Sir Ken Robinson delivers a thought provoking and powerful follow up to his first TED talk (which still remains the most widely viewed of all talks on the site) with his urbane and self deprecatory wit and charm.
Too many people spend too much of their lives simply enduring their daily lives waiting for the weekend. nbsp; And then there are those who love what they do and couldn’t imagine doing anything else. It isn’t so much what they do but what they are – ‘this is me.’ Sadly, this is true of a minority of people.
Sir Ken argues that one of the reasons for this is education and that we need not so much “evolution in education but a revolution in education” in that the system needs to be transformed into something else completely. The current structure in many cases dislocates people from their natural talents with an obsessive eye on results, reports and league tables.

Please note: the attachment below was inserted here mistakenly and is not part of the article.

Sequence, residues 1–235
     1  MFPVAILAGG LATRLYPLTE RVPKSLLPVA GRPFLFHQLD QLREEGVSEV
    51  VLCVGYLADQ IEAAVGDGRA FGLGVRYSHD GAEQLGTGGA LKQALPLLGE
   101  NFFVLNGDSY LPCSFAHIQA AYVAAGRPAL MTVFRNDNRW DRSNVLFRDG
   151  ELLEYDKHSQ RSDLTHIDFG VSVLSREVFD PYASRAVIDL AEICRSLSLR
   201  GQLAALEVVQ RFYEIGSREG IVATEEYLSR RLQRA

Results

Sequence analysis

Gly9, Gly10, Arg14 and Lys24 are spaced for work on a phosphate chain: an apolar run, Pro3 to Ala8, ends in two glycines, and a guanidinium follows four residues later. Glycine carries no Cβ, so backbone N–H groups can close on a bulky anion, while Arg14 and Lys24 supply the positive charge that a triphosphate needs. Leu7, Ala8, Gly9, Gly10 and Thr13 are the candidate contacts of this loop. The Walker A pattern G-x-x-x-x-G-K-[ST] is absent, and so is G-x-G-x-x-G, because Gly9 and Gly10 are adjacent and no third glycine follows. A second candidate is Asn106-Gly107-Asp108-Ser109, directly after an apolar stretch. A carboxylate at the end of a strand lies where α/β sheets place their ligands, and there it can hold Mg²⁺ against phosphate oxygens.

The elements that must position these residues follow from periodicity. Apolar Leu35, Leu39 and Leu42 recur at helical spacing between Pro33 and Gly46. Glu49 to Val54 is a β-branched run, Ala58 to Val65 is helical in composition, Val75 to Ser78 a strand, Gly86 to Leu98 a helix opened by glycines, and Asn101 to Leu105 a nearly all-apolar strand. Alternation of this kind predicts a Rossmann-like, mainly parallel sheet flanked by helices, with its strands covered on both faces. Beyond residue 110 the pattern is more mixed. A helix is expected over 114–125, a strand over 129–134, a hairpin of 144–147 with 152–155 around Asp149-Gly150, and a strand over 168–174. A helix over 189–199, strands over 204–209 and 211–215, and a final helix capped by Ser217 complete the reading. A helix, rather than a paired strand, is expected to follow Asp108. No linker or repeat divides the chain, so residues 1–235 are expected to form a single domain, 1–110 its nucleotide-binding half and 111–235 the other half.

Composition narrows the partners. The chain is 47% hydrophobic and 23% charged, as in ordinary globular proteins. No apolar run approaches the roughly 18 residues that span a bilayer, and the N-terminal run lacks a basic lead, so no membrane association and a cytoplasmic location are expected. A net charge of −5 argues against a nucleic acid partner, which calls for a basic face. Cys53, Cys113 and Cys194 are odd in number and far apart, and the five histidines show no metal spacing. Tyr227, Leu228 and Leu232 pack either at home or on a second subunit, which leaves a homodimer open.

Not everybody needs to get to college or university. Going onto higher education is wonderful for many but “human communities depend upon a diversity of talent not a singular conception of ability.” He states that we have built our education system based on conformity – everything is standardised and compares it with his perennial eloquence and passion to the fast-food model. Passion and what excites our spirit and energy is what makes time take on a different course. If you are doing something you are passionate about, an hour can seem like five minutes and vice versa. Education in all its forms must allow people to develop their own passions and solutions under conditions in which those talents can flourish with external support.
If Sir Ken Robinson were in charge of education the future would be very exciting.